I'm going to be optimistic and assume that many of these concerns have already been considered by the good folks at Resource Generation.  I'm going to hope that they are moving toward hiring more staff who are not themselves independently wealthy and are at least slightly motivated by the need to make a living, and that they're getting serious enough about fundraising from their immediate networks that they can afford to keep these staff.

I will take this a step further and say I hope for the sake of America's young progressive heirs that they are seriously considering taking that job their dads can easily get them at Morgan Stanley.  And mending ties with those jerks they went to private school with.  Now, that seems a little bit beyond this topic, and it probably deserves its own entry.  But in short, I'll say I believe those are precisely the jerks we really need to convince to go along with the progressive agenda if we're going to make any progress.  And Morgan Stanley could be doing a lot more good in the world, if it had the right people.  And for now, the only people who can do this work are at a Resource Generation gathering somewhere, eating organic snacks and exploring their feelings about privilege.  That's good, yes, and important to do.  But let's take the next step.

In the mean time, I think I've convinced myself to apply for that job.  Talking truth to privilege, in a setting where they'll actually listen—as I said before—what an incredible mission.  A mission for our times.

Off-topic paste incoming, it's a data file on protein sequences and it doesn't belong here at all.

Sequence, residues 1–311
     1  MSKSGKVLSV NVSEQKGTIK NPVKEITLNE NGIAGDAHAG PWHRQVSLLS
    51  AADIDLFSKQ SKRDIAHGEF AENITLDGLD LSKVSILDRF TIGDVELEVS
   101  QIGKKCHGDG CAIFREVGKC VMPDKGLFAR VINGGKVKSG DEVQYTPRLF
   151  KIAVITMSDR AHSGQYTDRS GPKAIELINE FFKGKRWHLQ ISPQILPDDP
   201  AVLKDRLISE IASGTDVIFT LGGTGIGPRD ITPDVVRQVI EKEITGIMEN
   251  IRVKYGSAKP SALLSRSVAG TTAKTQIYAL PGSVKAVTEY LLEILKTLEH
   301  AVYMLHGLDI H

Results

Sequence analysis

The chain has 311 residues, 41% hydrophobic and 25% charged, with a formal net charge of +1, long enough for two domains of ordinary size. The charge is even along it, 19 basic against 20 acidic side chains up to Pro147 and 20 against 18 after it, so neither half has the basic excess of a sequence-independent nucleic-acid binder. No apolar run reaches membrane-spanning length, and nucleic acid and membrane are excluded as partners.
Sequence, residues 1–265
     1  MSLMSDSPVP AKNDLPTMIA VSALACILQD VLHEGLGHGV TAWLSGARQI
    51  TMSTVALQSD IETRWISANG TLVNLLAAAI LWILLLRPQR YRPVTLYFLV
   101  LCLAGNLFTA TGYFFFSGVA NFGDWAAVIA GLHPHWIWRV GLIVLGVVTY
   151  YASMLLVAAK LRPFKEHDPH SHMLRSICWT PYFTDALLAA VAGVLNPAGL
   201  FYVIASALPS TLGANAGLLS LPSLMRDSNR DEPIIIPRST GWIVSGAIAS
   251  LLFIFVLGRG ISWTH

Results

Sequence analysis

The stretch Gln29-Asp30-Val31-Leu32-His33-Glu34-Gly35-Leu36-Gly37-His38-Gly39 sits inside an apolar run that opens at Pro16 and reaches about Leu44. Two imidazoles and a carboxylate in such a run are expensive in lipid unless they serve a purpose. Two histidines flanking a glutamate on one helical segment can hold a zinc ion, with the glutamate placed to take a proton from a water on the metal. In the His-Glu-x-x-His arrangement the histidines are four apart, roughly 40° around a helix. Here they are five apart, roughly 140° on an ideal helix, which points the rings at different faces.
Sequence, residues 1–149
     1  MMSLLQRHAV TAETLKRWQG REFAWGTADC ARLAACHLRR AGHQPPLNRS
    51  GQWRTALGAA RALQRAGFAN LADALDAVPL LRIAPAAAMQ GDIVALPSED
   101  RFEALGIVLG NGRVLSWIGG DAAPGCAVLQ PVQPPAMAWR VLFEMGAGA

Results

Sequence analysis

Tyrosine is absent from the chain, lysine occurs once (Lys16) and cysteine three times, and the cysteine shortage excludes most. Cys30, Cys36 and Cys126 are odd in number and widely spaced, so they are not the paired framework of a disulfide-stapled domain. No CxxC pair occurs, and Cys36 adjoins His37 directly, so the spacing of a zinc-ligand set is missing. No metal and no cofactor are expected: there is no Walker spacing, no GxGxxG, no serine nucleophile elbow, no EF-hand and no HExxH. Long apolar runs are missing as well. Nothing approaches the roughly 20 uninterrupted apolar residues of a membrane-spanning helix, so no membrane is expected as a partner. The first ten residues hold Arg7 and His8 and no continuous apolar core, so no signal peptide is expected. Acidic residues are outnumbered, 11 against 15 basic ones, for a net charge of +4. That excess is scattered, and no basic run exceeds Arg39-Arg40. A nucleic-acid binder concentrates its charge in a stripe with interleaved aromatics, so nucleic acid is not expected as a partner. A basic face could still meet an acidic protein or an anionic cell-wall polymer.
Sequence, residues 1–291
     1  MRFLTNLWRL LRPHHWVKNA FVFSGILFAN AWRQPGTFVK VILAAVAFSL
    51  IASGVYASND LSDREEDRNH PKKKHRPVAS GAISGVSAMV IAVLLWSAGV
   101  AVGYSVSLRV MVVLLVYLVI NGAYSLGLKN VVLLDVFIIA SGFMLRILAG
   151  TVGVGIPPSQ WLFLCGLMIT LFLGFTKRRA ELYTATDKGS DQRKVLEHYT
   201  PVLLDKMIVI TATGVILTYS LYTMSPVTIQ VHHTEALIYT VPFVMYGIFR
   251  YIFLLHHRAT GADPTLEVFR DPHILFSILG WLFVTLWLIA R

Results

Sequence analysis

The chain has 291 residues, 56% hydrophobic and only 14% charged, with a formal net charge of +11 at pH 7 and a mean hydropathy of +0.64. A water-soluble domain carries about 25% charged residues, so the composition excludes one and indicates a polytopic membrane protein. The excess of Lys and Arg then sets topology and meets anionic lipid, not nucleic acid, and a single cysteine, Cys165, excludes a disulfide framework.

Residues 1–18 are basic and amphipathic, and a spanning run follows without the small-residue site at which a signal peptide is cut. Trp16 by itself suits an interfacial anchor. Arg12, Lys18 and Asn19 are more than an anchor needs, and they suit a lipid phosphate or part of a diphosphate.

Tuesday, May 3, 2011

Standardized Testing Meets the Web

Today I ran a Google search for the school where my dad teaches 3rd grade.  The 2nd result (after the school district's official school webpage) was a school profile on the website, a nonprofit whose mission is "to inspire and guide parents to become effective champions of their children's education."  There also were results from several GreatSchools competitors, including,,, and

My hometown of Merced, CA is one of the poorest in California, and my dad's school serves a population that is roughly representative of its district as a whole.  So when I opened the GreatSchools webpage it was no surprise to see a score of just 4 out of 10 based on his school's state test results.  To put this in the local context, only four out of 19 public elementary schools in Merced rated above a 5 out of 10, so a 4 is normal--and probably deserves congratulation.  But something about this webpage still seemed deceptive.

One problem is the webpage's visual cues.  The rating number is featured at the top-left of the school's profile page, and it appears more significant than the Yelp-style "Community Rating" (5 out of 5 stars) which sits below it.  What's more, the GreatSchools rating is formatted to look like a seal (i.e. a seal of approval, which seems to confer official status).

Placing emphasis on state test results, of course, is nothing novel.  The government does this through No Child Left Behind's carrots-and-sticks approach (which I also find problematic, incidentally).  But that practice notwithstanding, I'm concerned that emphasizing test scores online may be an impoverished if not harmful approach to GreatSchools' stated mission.